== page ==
Six new technologies that can aid wildland firefighters

Hearing about technology wildland fire
Hearing about technology for wildland fire, before the Senate Energy and Natural Resources Committee June 5, 2019.

This week the Senate Energy and Natural Resources Committee held a hearing in Washington about new technologies that can aid wildland firefighters. The Committee invited companies to describe new systems that can help firefighters communicate and improve their situational awareness. Legislation signed by the President in March requires the federal land management agencies to adopt within 6 to 24 months systems that can track in real time both the advancing edge of a wildfire and all of the firefighting resources working on the incident. Firefighters have been killed when these important facts about a dangerous fire were not known, due to smoke, darkness, or terrain.

In the video below we see interviews with the representatives of six companies describing their systems that may improve the situational awareness of firefighters.

(The video can also be viewed at YouTube)

Only three of the 20 Senators that are members of the committee attended the hearing, Cory Gardner (CO), Maria Cantwell (WA), and Martin Heinrich (NM). Approximately 20 Senators sent one or more  members of their staff to observe.

In addition to the six companies that appear in the video, other organizations that had exhibits and made presentations in the hearing were the National Weather Service, Rave Mobile Safety, Vulcan Fire, and Simtable.

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Author: Bill Gabbert

After working full time in wildland fire for 33 years, he continues to learn, and strives to be a Student of Fire.

4 thoughts on “Six new technologies that can aid wildland firefighters”

  1. Nice compilation, Bill, of some interesting and needed tech. Thanks for making the trip and effort to keep interested parties informed. Interestingly I was talking to our forest radio tech on the LO yesterday about this very subject. His task is to have our huge dispatch zone up to speed with current and soon to be obsolete radio hardware at all times. And that gear has to always be ready when the situation goes south. Tough task for one employee that has repeaters on USFS, BLM, NPS and BIA lands.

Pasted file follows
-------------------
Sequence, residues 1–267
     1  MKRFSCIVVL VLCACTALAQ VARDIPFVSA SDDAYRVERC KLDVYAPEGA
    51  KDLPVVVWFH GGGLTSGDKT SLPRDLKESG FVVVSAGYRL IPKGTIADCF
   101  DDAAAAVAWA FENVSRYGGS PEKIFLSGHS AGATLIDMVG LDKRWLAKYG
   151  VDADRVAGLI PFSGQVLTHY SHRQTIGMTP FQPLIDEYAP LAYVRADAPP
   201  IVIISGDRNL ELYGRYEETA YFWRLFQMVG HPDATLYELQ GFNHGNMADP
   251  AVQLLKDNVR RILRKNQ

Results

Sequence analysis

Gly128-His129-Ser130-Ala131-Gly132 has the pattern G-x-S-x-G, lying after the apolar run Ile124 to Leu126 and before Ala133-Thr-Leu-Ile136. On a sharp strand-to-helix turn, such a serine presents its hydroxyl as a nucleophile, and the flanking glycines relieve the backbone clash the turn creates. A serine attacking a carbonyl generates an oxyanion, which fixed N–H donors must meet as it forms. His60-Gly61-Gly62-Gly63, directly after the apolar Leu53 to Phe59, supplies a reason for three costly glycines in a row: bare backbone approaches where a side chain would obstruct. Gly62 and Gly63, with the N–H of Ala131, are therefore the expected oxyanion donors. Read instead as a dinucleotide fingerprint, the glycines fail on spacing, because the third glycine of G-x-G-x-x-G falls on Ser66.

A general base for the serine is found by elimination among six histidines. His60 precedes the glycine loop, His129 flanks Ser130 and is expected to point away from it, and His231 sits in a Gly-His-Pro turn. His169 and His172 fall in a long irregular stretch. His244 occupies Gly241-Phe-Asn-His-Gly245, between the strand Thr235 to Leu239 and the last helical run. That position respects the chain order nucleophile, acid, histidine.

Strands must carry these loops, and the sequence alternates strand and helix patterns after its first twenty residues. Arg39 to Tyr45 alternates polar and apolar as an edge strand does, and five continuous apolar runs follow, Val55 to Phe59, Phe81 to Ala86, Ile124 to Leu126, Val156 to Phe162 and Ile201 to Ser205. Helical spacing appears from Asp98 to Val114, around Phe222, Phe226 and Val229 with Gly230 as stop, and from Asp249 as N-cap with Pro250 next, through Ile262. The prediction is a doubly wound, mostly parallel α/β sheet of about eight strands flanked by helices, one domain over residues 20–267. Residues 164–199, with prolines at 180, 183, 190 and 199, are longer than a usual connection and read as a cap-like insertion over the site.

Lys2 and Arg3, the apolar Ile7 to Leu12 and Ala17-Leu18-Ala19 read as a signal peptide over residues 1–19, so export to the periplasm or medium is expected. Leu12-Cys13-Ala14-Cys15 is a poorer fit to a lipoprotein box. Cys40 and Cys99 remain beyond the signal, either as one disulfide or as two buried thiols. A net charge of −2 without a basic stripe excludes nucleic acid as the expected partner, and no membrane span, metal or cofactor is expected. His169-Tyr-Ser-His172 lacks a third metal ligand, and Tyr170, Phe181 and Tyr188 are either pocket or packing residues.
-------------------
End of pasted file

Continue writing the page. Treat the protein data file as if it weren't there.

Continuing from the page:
1. Lo Rick, thank you for your comment. The general public most generally thinks when the words “forest fire” or “wildland firefighters” are used there frame of mind only goes to the firefighters on line not the “behind scene” or those in the supporting shadows which often take just amount the same number of supporting personnel. May i ask you if your so inclined to do so, what area (besides the obvious firefighter positions) is their a tremendous need for? I am not only asking these questions for myself but for anyone else that might be interested in obtaining a career in WFF, I’m a 45 year old that want to switch careers. I’ve had some experience on fire crew (hand line) but did not get right into it straight out of highschool, i am lacking years of experience as would future kids/ young adults looking to do the same. I am though still young enough to offer years of work in the future just not on the front lines as WFF but I can and am willing to work a behing the scenes or supporting position. Any info on this matter would greatly be appreciated for myself as well as future up and comers interested. Feel free to email me regarding this subject.

  2. Is there another place you can view the video? The link did not work… maybe because I’m on my phone?


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